Zoing Zoing Zoing Careoooiuuu
Can I have a creative guitar accompaniment with that, please.
Also, I thought SourceForge were the MySpace of coding now?
Next up: Getting Atlassian to fix ten-year old horrid bugs.
GitHub has promised to pay better attention to the concerns of users. In January, more than 1,100 project maintainers complained the popular code-host was ignoring them. Now, GitHub's Brandon Keepers has taken the first tentative step to try and soothe the seething masses. Here's his letter in full: Dear Open Source …
> Sourceforge - sorry, just don't trust you to do the right thing any more.
Did they ever do The Right Thing? I recall shunning them years ago after reading the small print, where it said something along the lines of All You Base Are Belong To Us, which didn't inspire a lot of confidence, so we just passed them over.
I hear that. The only way Atlassian can fix their stuff though is:
1. Ditch JAVA
2. Ditch Tomcat
3. Rethink their patching processes.
4. Start again.
Jira, Confluence et al seriously sap my will to live.
They are (as far as I am concerned) the last "because our competitors use it" products some of my clients use.
Oh and Jenkins (its not Atlassian but feels like it is).
yep, "surprises" tend to be of the not-good variety...
Also, when I saw "DevShare" I naively thought it might be some scheme to give the devs some of the cash from the ad revenue...
Super Double Also, I notice these days I read headlines (not just on t'reg) but everywhere else, then skim the mostly poorly written articles (which are really just AP/Reuters copy 'n pastes with the appropiate political slant applied*, or poorly disguised press releases) and then I actually spend more time reading the comments.
Maybe us commentards should be rewarded with a share of the takings as the content is usually superior to the main article...
* news.google.* makes this inherently obvious, and has demonstrated the lack of value in the typical rags, no wonder they are losing money, and good riddance...
And I don't buy the line that paying for this rubbish would improve the quality; back in the day there were many interesting websites written by authors; interested and experts in their subject matter which didn't require a million ad popups and flash downloads.
> Um, just out of curiosity, where are they now ?
Possibly on page 379 of your favourite search engine's results listing, buried under links to sites of perhaps a dozen companies which have slowly been taking the "diversity" bit out of the internet.
E.g., why T****er when there is RSS? Why F******k when there is email, XMPP, blogging software (hosted or self-installed)? Why Skype when there is SIP and XMPP? Why StackOverflow when there is IRC? Convenience? Perhaps, in the short term, but there are other ways of gaining in convenience without losing out in every other front.
Why StackOverflow when there is IRC?
Because IRC isn't searchable and has even more noise? I increasingly find good solutions to stuff on StackOverflow because it's content-focussed (unlike the rest of the crap that seem to be all about growing the network).
Whats needed is a federated thread-able searchable categorisation based messaging protocol. You know, like NNTP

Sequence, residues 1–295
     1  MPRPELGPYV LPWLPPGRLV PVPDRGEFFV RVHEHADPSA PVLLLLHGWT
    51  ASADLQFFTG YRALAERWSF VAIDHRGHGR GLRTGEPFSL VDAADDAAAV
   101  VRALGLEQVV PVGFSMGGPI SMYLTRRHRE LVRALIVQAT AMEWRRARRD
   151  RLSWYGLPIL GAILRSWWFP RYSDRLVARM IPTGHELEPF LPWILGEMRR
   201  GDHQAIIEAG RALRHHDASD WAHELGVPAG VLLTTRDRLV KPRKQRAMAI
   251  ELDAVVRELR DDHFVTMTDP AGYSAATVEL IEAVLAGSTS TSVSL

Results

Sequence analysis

I never really got on with NNTP. The problem with any subscription-based service is the barrier they offer to the casual observer.
> I increasingly find good solutions to stuff on StackOverflow
So do I. I find all the good solutions from the last five years, never mind that any of those older than about six months has been obsoleted by changes in the technology at hand¹, and never mind that the vast majority of those solutions are copypastas from someone else's blog or, if you're lucky, the actual manual that you could have read yourself.
I wouldn't dislike StackOverflow if I hadn't seen so many bits of code mindlessly copied from there without a trace of critical judgement.
One thing I like about IRC is precisely that it is not searchable² so information ages at a similar pace as the technology itself.
¹ Of course, the newer solutions are also there. And because they're newer they haven't accumulated so many "votes" so are buried somewhere in the site.
² Not in an evident way. Many channels have bots logging 24/7, but Google will never tell you unless you actively hint at those logs.
Sorry, too little way, waaaayyy too late. SourceForge became a joke years ago, killing DevShare won't make a bind bit of difference. Any projects still on SourceForge tells you all you need to know about those projects - ether no longer maintained, or maintained by developers prone to making really bad development choices.
> Any projects still on SourceForge tells you all you need to know about those projects
I am not making any judgements as to the merits or lack thereof of your assertion, but I do note the exact same thought crosses my mind when I see a SourceForge-hosted project these days.
Maybe we are being unfair, but the perception is definitely there.
"...when I see a SourceForge-hosted project these days. Maybe we are being unfair, but the perception is definitely there."
- yep. congratulations SourceForge, you have a toxic brand. Did anyone tell you that this is invariably an irrecoverable position? Anyone in your PR department, perhaps? If not, fire the lot of them. It's kinda sorta their area. Perhaps you can still make it as a place for people to share code "ironically"? If there is such a use case.
Ironic code sharing? I suppose it's a thing, and Github is full of it. Half-baked ideas and abandoned forks. We could put "go fork yourself on sourceforge" banners in the corners of our project pages, to make damn sure nobody mistakes them for maintained software.
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